Your gut contains billions of microorganisms known as the microbiome. The microbiome helps regulate the immune system, digest food, and protect against disease-causing bacteria.  “Diets rich in fiber such as fruits, vegetables, whole grains, and beans tend to promote healthy gut microbiome,” says Dr. Bulsiewicz.

father and son relaxing at homeTom Werner/Getty Images

Focus on self-care

During stressful times, your body can release hormones that slow digestion and intestinal movements, in turn leading to constipation, Bauer says.  For constipation relief, “If you’re feeling overwhelmed, try to limit your social media and news consumption,” she says.

Also, try to incorporate yoga, meditation, journaling, and some other self-care activities into your daily routine and be sure to get enough sleep.” (Investing in a potty stool may also get things moving again.)

Know when to try OTC constipation remedies

If you notice there is a mild gradual slowing down or hardening of your bowel movements, it’s OK to try some over-the-counter fiber supplements like Metamucil, which contains psyllium husk, or Benefiber, which contains wheat dextrin. These types of soluble fiber help make stools softer, bulkier, and easier to pass.

You could also consider laxatives, or stool softeners, says Dr. Ivanina. “If it isn’t relieved in a few days or is more abrupt or accompanied by abdominal pain or blood in stool, discuss it with your gastroenterologist right away.”

However, habitual laxative use can lead to dependence, meaning that if you use them too often or incorrectly you may be constipated if you don’t take them or it could worsen the problem. Therefore you should always use over-the-counter constipation remedies as directed and don’t take them more often than recommended. (Here are the times you should or should not be taking laxatives.)

Don’t ignore the urge to go

Also make sure to stay in tune with your body, and go to the bathroom when the need arises. Ignoring that “I gotta go” feeling is not a good idea, Dr. Ivanina says.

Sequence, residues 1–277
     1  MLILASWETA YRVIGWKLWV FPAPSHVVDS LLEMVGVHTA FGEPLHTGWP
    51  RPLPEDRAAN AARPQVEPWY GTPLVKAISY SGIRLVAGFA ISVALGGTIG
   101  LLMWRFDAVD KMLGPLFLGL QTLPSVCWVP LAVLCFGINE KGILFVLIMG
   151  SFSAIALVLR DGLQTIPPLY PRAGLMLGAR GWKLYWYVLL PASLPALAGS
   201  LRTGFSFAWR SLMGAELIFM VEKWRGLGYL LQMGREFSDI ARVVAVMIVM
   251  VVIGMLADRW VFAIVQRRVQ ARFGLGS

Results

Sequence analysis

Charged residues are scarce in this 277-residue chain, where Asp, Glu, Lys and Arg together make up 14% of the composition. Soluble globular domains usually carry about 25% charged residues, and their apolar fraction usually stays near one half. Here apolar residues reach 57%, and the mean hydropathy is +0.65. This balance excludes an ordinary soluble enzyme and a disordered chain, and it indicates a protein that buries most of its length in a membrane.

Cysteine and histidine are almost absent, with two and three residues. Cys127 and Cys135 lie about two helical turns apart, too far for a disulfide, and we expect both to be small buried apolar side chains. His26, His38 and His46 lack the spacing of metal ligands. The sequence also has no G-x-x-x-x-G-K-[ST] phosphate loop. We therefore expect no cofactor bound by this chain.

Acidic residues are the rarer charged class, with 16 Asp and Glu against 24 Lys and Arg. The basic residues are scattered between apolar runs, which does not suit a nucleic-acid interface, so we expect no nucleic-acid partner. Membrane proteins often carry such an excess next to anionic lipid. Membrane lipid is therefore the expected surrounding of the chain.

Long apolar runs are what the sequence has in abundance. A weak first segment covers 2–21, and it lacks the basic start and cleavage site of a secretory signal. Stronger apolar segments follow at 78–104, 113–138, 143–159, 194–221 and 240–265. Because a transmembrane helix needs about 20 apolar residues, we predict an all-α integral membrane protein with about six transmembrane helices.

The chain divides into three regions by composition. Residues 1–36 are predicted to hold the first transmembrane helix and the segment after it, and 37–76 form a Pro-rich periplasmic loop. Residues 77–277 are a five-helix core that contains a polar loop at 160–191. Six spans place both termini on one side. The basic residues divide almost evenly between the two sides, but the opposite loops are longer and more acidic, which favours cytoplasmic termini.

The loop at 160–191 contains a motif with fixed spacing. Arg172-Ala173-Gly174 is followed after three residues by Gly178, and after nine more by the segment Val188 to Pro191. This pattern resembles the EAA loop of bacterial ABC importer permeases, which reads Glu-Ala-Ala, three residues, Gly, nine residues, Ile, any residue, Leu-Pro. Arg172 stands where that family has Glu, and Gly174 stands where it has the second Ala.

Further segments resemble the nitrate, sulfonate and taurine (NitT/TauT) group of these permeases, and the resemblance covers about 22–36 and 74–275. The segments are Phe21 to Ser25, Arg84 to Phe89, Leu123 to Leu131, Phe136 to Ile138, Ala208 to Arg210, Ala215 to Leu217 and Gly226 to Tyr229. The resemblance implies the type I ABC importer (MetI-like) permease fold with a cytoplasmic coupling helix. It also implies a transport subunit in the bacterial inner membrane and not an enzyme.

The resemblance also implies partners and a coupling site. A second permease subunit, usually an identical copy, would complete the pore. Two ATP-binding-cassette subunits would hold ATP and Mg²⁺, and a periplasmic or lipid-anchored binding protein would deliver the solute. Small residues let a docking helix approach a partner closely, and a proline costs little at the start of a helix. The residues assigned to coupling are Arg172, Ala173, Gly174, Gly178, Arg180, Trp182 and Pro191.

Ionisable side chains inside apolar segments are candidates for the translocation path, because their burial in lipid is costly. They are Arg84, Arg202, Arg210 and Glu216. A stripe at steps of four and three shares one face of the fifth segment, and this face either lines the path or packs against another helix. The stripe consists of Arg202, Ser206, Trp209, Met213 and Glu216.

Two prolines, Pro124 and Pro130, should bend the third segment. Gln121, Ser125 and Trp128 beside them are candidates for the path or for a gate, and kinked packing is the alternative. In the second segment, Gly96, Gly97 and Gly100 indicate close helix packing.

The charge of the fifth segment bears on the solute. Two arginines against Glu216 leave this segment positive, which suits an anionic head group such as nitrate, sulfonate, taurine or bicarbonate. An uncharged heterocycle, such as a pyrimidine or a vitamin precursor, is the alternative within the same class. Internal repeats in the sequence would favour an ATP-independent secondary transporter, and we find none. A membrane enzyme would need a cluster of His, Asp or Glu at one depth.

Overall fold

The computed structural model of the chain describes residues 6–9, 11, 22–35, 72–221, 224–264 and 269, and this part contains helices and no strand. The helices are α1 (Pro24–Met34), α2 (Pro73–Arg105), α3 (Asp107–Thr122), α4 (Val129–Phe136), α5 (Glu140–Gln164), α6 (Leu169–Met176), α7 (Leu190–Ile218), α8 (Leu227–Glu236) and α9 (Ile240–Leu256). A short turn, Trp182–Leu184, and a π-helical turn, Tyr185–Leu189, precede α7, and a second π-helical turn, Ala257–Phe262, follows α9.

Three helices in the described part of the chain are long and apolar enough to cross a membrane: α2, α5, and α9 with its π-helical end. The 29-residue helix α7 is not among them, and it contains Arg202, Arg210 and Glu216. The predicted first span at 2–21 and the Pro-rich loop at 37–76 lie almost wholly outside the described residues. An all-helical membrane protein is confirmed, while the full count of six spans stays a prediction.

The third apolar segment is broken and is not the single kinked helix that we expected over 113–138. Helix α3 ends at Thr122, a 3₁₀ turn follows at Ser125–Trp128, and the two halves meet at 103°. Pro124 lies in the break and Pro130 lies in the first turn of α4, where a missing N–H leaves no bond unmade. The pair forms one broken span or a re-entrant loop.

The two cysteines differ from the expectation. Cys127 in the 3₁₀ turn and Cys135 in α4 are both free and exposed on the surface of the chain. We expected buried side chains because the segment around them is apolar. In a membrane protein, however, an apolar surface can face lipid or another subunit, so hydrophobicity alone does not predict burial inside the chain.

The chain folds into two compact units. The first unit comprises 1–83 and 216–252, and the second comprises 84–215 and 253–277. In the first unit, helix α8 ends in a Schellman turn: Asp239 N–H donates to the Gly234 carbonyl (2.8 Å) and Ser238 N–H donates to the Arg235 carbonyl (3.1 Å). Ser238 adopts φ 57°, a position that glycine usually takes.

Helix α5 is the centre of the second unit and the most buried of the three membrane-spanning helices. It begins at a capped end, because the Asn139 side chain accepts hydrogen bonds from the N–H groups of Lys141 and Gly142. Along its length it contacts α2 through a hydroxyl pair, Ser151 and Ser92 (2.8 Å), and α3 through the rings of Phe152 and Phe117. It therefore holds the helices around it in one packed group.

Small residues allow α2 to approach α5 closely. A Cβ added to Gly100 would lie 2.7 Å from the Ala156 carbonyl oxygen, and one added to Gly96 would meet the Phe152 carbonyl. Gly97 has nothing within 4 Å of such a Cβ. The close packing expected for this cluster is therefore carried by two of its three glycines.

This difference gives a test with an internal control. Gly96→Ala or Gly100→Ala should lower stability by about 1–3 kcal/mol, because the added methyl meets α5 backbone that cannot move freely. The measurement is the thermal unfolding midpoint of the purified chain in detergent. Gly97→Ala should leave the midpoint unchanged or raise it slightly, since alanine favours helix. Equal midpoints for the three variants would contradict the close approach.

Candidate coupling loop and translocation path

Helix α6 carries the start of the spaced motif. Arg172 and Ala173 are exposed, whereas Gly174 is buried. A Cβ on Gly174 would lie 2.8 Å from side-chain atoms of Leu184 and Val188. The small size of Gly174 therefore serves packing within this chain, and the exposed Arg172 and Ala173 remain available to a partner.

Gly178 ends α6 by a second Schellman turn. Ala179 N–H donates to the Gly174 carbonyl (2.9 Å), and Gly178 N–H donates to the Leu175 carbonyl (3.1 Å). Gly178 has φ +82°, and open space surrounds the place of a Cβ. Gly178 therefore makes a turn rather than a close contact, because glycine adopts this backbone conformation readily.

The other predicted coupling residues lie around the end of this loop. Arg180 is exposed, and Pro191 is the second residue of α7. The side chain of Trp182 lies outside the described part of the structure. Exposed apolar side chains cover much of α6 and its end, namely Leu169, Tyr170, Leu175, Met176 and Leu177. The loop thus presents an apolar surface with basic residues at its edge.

“It is extremely important to take advantage of your natural cues to have a bowel movement,” she says. “Ignoring the urge can lead to significant chronic constipation and pelvic floor dysfunction.” (Here are 11 other things that your bowel movements can reveal about your health.)

Lastly, know when to call your doctor

Tweaking your diet and moving more can troubleshoot many causes of constipation and get you back on track, says Dr. Bulsiewicz. However, if you have additional symptoms or unusual ones, call your doctor.

“If you see blood in your stool, are becoming short of breath with exertion, feeling weak, losing weight unintentionally, or if your symptoms are severe and intense, get evaluated by a doctor,” he says, adding that many gastroenterologists are seeing patients via telemedicine.

Sources

Denise Mann, MS
Denise Mann is a freelance health writer whose articles regularly appear in WebMD, HealthDay, and other consumer health portals. She has received numerous awards, including the Arthritis Foundation's Northeast Region Prize for Online Journalism; the Excellence in Women's Health Research Journalism Award; the Journalistic Achievement Award from the American Society for Aesthetic Plastic Surgery; National Newsmaker of the Year by the Community Anti-Drug Coalitions of America; the Gold Award for Best Service Journalism from the Magazine Association of the Southeast; a Bronze Award from The American Society of Healthcare Publication Editors (for a cover story she wrote in Plastic Surgery Practice magazine); and an honorable mention in the International Osteoporosis Foundation Journalism Awards. She was part of the writing team awarded a 2008 Sigma Delta Chi award for her part in a WebMD series on autism. Her first foray into health reporting was with the Medical Tribune News Service, where her articles appeared regularly in such newspapers as the Detroit Free Press, Chicago Sun-Times, Dallas Morning News, and Los Angeles Daily News. Mann received a graduate degree from the Medill School of Journalism at Northwestern University in Evanston, Ill., and her undergraduate degree from Lehigh University in Bethlehem, Pa. She lives in New York with her husband David; sons Teddy and Evan; and their miniature schnauzer, Perri Winkle Blu.